The use of the Classical Tragic Mold in character developmentIn Shakespeare’s tragedy, Macbeth, there are many characters. Only one character stands out, and his name is in the title of the play. Macbeth’s character was made in the mold of the ancient Greek tragic hero. Besides being endowed by Shakespeare with an abundance and variety of potential traits and characteristics, Macbeth also follows the Classical Tragic Mold, which is presented with a hefty supply of hubris, and in this case, ambition. Because Macbeth follows the Classical Tragic Mold, he is a Classical Tragic Hero.
The first step of the Classical Tragic Mold is recognizing the problem. The problem in Macbeth is not a true problem that presents itself outwardly. The problem for the character of Macbeth is deciding if he should listen to his ambition and kill Duncan. At first, he ponders reasons why not to kill his king.
He at first thinks that he cannot kill him because of four reasons: Macbeth is Duncan’s subject, Duncan is a good king, they are blood-related, and Macbeth is his host. These reasons dissuade Macbeth at first, but later Lady Macbeth convinces him, by questioning his manhood, to commit the dastardly crime. When he finally murders Duncan, the problem comes to closure. But, even long before then, the next step in the mold had begun: the descent into the abyss.Order now
The “decent into the abyss” is the second step in the Classical Tragic Mold. It is started with Macbeth’s second soliloquy. This is after Macbeth hears from Duncan that Malcolm was to be named the Prince of Cumberland. “The Prince of Cumberland! That is a step on which I must fall down, or else o’erleap, for in my way it lies . .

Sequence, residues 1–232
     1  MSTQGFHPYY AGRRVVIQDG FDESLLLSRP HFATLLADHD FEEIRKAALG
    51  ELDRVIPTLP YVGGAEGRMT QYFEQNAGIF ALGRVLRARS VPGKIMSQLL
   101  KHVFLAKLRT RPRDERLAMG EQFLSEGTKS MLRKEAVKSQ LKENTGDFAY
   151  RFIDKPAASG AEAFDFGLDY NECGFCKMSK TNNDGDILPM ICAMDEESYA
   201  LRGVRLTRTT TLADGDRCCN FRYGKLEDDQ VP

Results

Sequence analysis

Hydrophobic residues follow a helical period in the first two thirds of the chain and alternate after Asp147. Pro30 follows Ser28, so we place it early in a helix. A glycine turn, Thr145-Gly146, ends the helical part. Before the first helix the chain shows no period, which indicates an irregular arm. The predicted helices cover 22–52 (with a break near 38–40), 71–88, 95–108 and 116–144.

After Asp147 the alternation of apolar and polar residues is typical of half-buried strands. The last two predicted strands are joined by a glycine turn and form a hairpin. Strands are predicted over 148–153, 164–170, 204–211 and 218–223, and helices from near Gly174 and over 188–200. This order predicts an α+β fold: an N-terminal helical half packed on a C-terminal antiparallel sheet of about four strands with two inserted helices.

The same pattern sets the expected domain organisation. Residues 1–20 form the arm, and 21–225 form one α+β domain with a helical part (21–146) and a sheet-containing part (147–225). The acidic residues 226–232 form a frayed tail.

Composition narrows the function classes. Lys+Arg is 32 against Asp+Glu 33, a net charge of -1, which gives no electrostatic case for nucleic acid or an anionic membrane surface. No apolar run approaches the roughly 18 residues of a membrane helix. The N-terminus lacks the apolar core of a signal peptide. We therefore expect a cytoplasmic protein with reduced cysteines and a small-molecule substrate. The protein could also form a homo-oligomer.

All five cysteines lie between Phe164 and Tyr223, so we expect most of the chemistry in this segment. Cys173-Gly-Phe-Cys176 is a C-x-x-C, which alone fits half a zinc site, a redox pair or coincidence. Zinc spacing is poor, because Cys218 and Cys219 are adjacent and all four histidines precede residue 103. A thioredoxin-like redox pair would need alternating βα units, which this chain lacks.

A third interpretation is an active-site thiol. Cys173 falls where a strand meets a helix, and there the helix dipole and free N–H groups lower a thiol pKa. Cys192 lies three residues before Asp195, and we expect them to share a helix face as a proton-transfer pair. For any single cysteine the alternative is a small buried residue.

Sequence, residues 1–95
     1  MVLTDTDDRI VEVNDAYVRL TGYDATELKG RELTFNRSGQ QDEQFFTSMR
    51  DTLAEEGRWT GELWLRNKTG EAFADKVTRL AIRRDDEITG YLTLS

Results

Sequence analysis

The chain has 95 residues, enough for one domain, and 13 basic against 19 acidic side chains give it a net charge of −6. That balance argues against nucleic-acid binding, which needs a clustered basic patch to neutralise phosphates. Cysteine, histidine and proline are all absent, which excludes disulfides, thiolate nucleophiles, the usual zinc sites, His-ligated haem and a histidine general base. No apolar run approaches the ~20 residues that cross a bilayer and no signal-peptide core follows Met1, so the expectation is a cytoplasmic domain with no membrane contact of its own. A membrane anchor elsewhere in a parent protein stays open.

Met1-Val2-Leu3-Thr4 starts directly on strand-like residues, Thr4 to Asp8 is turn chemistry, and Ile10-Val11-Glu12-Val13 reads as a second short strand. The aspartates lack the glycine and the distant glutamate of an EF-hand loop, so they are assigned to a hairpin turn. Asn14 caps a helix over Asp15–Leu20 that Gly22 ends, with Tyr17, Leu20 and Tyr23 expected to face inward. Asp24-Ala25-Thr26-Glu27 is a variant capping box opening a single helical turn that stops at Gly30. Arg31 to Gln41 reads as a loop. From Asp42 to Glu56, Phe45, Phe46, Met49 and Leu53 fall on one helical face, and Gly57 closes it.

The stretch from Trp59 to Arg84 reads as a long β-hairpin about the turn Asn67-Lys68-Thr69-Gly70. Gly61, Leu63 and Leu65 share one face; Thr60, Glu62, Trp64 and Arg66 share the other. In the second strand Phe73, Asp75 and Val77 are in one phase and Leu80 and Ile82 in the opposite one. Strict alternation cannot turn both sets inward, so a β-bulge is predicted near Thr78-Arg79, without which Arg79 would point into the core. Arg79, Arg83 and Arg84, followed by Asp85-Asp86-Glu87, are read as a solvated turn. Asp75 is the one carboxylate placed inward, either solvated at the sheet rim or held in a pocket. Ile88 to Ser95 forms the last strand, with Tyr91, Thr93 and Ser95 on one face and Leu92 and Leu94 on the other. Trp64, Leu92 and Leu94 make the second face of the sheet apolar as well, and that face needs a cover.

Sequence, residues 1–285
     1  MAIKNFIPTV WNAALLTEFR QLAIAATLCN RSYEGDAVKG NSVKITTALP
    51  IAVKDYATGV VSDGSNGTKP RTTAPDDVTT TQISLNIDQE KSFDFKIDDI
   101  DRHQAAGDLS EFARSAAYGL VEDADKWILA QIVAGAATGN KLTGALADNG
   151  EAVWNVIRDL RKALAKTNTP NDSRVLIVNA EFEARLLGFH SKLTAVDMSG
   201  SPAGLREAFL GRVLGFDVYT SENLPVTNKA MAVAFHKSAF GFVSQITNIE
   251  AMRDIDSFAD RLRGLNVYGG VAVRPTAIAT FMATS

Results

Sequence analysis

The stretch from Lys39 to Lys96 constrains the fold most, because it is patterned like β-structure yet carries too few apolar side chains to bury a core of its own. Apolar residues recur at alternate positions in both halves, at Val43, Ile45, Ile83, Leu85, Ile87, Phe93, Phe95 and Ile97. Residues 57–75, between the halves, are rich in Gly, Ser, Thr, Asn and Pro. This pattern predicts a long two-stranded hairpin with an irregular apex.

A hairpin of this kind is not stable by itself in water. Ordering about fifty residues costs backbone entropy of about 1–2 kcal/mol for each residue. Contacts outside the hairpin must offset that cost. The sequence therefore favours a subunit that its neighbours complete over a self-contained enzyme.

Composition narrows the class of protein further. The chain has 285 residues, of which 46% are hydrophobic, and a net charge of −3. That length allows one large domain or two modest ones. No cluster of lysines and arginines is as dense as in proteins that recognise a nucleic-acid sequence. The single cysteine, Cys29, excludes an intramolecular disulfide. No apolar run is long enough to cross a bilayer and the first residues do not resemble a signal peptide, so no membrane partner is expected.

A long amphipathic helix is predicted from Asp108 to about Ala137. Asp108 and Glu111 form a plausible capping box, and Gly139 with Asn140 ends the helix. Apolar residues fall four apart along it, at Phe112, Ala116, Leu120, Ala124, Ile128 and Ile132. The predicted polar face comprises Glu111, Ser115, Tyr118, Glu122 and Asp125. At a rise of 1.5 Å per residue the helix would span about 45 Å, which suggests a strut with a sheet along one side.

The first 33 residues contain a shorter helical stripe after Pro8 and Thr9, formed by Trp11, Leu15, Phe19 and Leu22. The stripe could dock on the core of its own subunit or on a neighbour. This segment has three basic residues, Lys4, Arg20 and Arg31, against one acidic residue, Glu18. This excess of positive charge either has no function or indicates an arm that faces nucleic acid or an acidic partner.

. Let not light see my black and deep desires. ” (Shakespeare, 281). This quote from the soliloquy indicates that Macbeth has, indeed, told himself that he will commit the murder of Duncan, although he doesn’t actually admit it until his wife pressures him to do so.
With this decision, the reader (or audience) reads (or sees) that Macbeth is straying from the righteous path, and descending into the abyss, even though he is keeping his feelings to himself. His decision to murder Duncan tarnishes his “war hero” image and casts it in an ominous shadow. The third step in the mold has two parts and is known as Transformation and Transcendence. The character of Macbeth goes into Transformation during his fourth soliloquy.
“. . . I have lived long enough. My way of life is fall’n into the sear.
. . ” (Shakespeare, 343). This quote illustrates that Macbeth begins to realize that his life has fallen into a wretched state and that either the battle will dethrone him or make him invincible. His character has transformed from an ambitious, power-hungry man, to one who knows that either his end or glorification may be near, and will fight his hardest to try to keep himself alive, even if it means helping the sinister process along by failing in his cause.
The second part of this step is Transcendence. When a character finally meets with this step, he or she becomes a universal character. Macbeth states, “. . . Life’s but a walking shadow, a poor player.
. . upon the stage. . .
It is a tale told by an idiot. . . signifying nothing.
” (Shakespeare, 346). In this soliloquy, Shakespeare turns Macbeth into a universal character by claiming that people are like actors on a stage. It doesn’t matter what they do because it is just a play, and no one’s actions will truly effect anything. The substance of Macbeth is that of which Classical Tragic Heroes are fashioned.
Because he follows the mold well, Macbeth is an excellent example of why the Greek rules of the theatre are still used as the basis of many plays today, as well as back in the age of Shakespeare. The Classical Tragic Mold is used to shape a tragic hero into a character that can be repeated over and over, in countless plays and more. Macbeth was developed in this way, using this mold.